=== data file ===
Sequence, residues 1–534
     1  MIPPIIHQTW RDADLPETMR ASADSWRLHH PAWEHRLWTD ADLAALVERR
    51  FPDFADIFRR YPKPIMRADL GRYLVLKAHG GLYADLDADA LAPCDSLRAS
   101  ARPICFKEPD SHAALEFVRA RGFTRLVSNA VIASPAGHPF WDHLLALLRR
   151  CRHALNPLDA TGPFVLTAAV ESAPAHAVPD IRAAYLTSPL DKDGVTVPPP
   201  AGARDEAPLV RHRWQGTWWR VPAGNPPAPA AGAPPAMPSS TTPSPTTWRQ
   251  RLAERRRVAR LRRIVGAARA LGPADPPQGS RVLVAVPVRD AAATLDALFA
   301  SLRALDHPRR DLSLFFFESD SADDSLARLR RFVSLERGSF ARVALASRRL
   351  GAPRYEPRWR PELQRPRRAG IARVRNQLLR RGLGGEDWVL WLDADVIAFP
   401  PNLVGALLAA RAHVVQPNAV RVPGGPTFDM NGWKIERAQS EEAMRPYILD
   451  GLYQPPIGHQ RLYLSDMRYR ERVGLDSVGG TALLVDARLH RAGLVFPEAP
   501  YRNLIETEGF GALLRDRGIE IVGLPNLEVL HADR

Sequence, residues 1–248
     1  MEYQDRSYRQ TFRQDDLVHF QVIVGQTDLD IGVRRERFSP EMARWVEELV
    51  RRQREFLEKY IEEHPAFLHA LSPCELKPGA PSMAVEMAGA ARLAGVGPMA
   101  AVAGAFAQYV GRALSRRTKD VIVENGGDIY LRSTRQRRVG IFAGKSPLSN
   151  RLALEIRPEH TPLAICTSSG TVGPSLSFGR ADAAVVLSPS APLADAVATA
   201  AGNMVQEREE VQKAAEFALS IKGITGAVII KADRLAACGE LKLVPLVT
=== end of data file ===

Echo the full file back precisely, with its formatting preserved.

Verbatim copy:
Sequence, residues 1–534
     1  MIPPIIHQTW RDADLPETMR ASADSWRLHH PAWEHRLWTD ADLAALVERR
    51  FPDFADIFRR YPKPIMRADL GRYLVLKAHG GLYADLDADA LAPCDSLRAS
   101  ARPICFKEPD SHAALEFVRA RGFTRLVSNA VIASPAGHPF WDHLLALLRR
   151  CRHALNPLDA TGPFVLTAAV ESAPAHAVPD IRAAYLTSPL DKDGVTVPPP
   201  AGARDEAPLV RHRWQGTWWR VPAGNPPAPA AGAPPAMPSS TTPSPTTWRQ
   251  RLAERRRVAR LRRIVGAARA LGPADPPQGS RVLVAVPVRD AAATLDALFA
   301  SLRALDHPRR DLSLFFFESD SADDSLARLR RFVSLERGSF ARVALASRRL
   351  GAPRYEPRWR PELQRPRRAG IARVRNQLLR RGLGGEDWVL WLDADVIAFP
   401  PNLVGALLAA RAHVVQPNAV RVPGGPTFDM NGWKIERAQS EEAMRPYILD
   451  GLYQPPIGHQ RLYLSDMRYR ERVGLDSVGG TALLVDARLH RAGLVFPEAP
   501  YRNLIETEGF GALLRDRGIE IVGLPNLEVL HADR

Sequence, residues 1–248
     1  MEYQDRSYRQ TFRQDDLVHF QVIVGQTDLD IGVRRERFSP EMARWVEELV
    51  RRQREFLEKY IEEHPAFLHA LSPCELKPGA PSMAVEMAGA ARLAGVGPMA
   101  AVAGAFAQYV GRALSRRTKD VIVENGGDIY LRSTRQRRVG IFAGKSPLSN
   151  RLALEIRPEH TPLAICTSSG TVGPSLSFGR ADAAVVLSPS APLADAVATA
   201  AGNMVQEREE VQKAAEFALS IKGITGAVII KADRLAACGE LKLVPLVT